PARIS (AP) — French anti-terror prosecutors sought Tuesday to charge four men in connection with the attacks in Paris that left 20 people dead, which would be the first suspects charged in the country's bloodiest terrorist attacks in decades.
The four men awaited an anti-terror judge's decision early Wednesday on whether to open preliminary investigations against them.
The possible charges were expected just hours before the French government was to unveil new measures aimed at helping head off future attacks, giving police more power to tap phones, monitor Web sites and force Internet companies to block messages of hate posted online.
Prime minister Manuel Valls will present new security measures Wednesday that will include efforts to increase intelligence-gathering against jihadis and other radicals, block their activities on the Internet, and prevent them from collaborating inside prisons or traveling abroad to fight, President Francois Hollande said.
France is on high security alert after the country's worst terrorist attacks in decades. The court case and the arrests came as Valls urged his nation to do some soul-searching about the country's deep ethnic divisions and declared that fighting hatred, anti-Semitism and racism was a top priority, especially in France's impoverished housing projects.
The Paris prosecutor's office said the four men in court Tuesday were suspected of providing logistical support to Amedy Coulibaly, one of the terrorists killed by police, and requested they be detained longer on weapons and terrorism charges.
Coulibaly shot a policewoman to death on the outskirts of Paris and then killed four hostages inside a kosher supermarket before being shot dead by police. It is not clear whether the four suspects, all in their 20s, were involved in plotting the attacks or even aware of Coulibaly's plans.
Five others arrested in the investigation were released without charge, prosecutors said.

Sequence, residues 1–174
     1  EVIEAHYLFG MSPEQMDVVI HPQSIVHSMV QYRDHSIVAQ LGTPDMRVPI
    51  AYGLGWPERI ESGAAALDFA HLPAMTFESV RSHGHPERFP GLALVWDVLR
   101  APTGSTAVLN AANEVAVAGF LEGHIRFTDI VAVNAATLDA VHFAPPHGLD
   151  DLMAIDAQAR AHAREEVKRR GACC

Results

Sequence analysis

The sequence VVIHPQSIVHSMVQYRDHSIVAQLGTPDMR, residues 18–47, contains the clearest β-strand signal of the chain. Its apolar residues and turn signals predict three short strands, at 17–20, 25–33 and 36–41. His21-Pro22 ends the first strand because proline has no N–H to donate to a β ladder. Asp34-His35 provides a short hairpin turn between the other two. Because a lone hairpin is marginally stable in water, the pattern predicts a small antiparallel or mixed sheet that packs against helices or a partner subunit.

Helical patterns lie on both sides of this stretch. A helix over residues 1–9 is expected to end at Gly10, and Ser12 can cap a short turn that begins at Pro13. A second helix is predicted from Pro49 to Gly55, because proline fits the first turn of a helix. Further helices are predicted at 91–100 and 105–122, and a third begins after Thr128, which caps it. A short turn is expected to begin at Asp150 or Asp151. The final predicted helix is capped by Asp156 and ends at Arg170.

No one has been charged with direct involvement in the Jan. 7-9 Paris terror attacks. Coulibaly claimed allegiance to the Islamic State group while the two brothers who attacked the Charlie Hebdo satirical weekly said they were backed by al-Qaida in Yemen.
In Bulgaria, a court on Tuesday agreed to extradite a Frenchman who knew one of the two Kouachi brothers who massacred 12 people at the newspaper. Fritz-Joly Joachin told the Bulgarian court he was innocent and wanted to return to Paris to clear his name.
Five others arrested in the investigation of the terror attacks in France were released without charge, prosecutors said.
Meanwhile, France honored a Mali-born employee of the kosher market who saved lives there by granting him citizenship.
Lassana Bathily, 24, was in the store's underground stockroom when Coulibaly burst in upstairs and killed four people. He turned off the freezer and hid a group of shoppers inside before sneaking out to speak to police and help the operation to free the 15 hostages and kill the attacker.
Bathily has lived in France since 2006. He had filed an application for French citizenship last year.
Valls told journalists Tuesday that the attacks should force France to look at the "apartheid" within. The conservative Socialist whose hard line on Islamic extremism has won many fans said he wasn't making excuses for crime or terrorism, "but we also have to look at the reality of our country."
Valls said memories have dimmed of the three weeks of riots by disaffected youths in 2005 that shook France.
"And yet, the stigmas remain ... a territorial, social and ethnic apartheid that has imposed itself on our country," he said.
In response to the 2005 riots, the French government spent hundreds of millions of euros (dollars) to improve conditions in its rundown suburbs, with little success. Unemployment among young people in the housing projects is well above the national average and state buildings are often targeted for vandalism and arson.
"The fight against hatred, anti-Semitism in all its forms, racism — these fights are absolutely urgent," Valls said. Young people who refused to take part in a national minute of silence for the terror attack victims "are symptoms of something that is not going well."
French authorities also arrested five ethnic Chechens from Russia Tuesday in raids in southern France, including one whom a mayor said was found with a cache of explosives. French authorities said the men had no established links to terrorism but did have ties to other crimes.
In Athens, an Algerian man suspected of jihadi terrorist links in Belgium appeared before a Greek prosecutor for an extradition hearing on being sent to Belgium. The suspect, whose name was not released, was detained Saturday in Athens, where he lives.
Belgium launched a large anti-terrorism sweep last week, during which two suspects were killed and one wounded, that netted several returnees from Islamic holy war in Syria.
Greg Keller in Paris, Veselin Toshkov in Sofia, Bulgaria, and Nicholas Paphitis from Athens contributed.